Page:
Robinson, A., & Cook, D. (2018). “Stickiness”: Gauging students’ attention to online learning activities. Information and Learning Science, 119 (7/8), 460-468.
Purpose: Online content developers use the term “stickiness” to refer to the ability of their online service or game to attract and hold the attention of users and create a compelling and magnetic reason for them to return repeatedly (examples include virtual pets and social media). In business circles, the same term connotes the level of consumer loyalty to a particular brand. This paper aims to extend the concept of “stickiness” not only to describe repeat return and commitment to the learning “product”, but also as a measure of the extent to which students are engaged in online learning opportunities.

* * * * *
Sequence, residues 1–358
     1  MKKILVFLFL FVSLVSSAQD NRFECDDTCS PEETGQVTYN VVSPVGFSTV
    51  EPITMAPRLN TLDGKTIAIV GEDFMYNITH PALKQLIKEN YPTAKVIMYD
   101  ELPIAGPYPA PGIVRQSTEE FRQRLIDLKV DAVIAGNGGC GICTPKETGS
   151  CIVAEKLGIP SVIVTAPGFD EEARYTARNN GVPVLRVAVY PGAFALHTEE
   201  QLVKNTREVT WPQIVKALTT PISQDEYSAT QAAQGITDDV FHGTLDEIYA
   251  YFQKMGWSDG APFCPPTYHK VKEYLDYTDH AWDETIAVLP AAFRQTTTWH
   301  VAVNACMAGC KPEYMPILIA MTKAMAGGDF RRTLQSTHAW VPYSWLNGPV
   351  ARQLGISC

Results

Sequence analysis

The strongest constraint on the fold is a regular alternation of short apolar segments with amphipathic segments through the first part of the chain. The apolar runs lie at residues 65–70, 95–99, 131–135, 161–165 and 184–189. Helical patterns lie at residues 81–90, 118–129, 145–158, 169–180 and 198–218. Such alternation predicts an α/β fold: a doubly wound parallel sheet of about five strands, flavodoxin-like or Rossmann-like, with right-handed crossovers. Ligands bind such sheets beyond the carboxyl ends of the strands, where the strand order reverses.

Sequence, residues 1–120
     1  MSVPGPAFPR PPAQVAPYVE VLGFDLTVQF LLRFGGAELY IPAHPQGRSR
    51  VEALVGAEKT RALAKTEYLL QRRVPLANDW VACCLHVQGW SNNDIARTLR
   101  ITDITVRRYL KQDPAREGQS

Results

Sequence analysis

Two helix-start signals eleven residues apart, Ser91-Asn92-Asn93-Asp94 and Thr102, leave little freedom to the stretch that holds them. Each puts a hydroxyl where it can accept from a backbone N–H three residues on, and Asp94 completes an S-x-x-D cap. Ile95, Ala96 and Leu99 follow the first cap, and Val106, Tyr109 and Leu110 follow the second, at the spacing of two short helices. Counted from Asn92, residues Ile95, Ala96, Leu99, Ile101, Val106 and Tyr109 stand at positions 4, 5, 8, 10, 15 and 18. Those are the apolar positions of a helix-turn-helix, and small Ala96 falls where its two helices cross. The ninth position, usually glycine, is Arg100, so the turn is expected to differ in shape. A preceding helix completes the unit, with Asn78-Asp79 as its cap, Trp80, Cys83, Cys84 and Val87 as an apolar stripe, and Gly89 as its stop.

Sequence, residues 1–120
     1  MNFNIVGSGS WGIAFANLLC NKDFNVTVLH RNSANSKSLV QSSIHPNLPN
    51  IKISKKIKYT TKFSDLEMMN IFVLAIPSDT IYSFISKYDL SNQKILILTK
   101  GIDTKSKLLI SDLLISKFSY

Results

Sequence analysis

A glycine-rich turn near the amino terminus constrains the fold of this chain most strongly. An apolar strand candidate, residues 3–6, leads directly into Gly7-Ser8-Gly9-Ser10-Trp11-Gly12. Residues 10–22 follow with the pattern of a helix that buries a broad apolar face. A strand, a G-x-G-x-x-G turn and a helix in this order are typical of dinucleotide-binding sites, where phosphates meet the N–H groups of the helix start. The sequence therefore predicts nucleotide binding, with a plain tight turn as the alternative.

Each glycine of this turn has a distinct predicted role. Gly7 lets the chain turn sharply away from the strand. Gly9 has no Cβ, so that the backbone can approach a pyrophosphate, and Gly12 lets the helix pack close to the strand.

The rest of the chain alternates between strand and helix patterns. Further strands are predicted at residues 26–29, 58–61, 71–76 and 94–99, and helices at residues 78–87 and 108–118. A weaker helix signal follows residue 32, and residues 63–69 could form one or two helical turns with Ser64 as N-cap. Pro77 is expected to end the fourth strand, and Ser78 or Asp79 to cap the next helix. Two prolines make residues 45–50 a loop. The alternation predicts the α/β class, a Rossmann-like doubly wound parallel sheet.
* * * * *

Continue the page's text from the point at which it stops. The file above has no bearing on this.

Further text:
Design/methodology/approach: This paper explores the efficacy of several approaches to the monitoring and measuring of online learning environments, and proposes a framework for assessing the extent to which these environments are compelling, engaging and “sticky”.
Findings: In particular, the exploration so far has highlighted the difference between how lecturers have monitored the engagement of students in a face-to-face setting versus the online teaching environment.
Practical implications: In the higher education environment where increasingly students are being asked to access learning in the online space, it is vital for teachers to be in a position to monitor and guide students in their engagement with online materials.
Originality/value: The mere presence of learning materials online is not sufficient evidence of engagement. This paper offers options for testing specific attention to online materials allowing greater assurance around engagement with relevant and effective online learning activities.
online learning, student engagement, monitoring, analytics, stickiness, time to read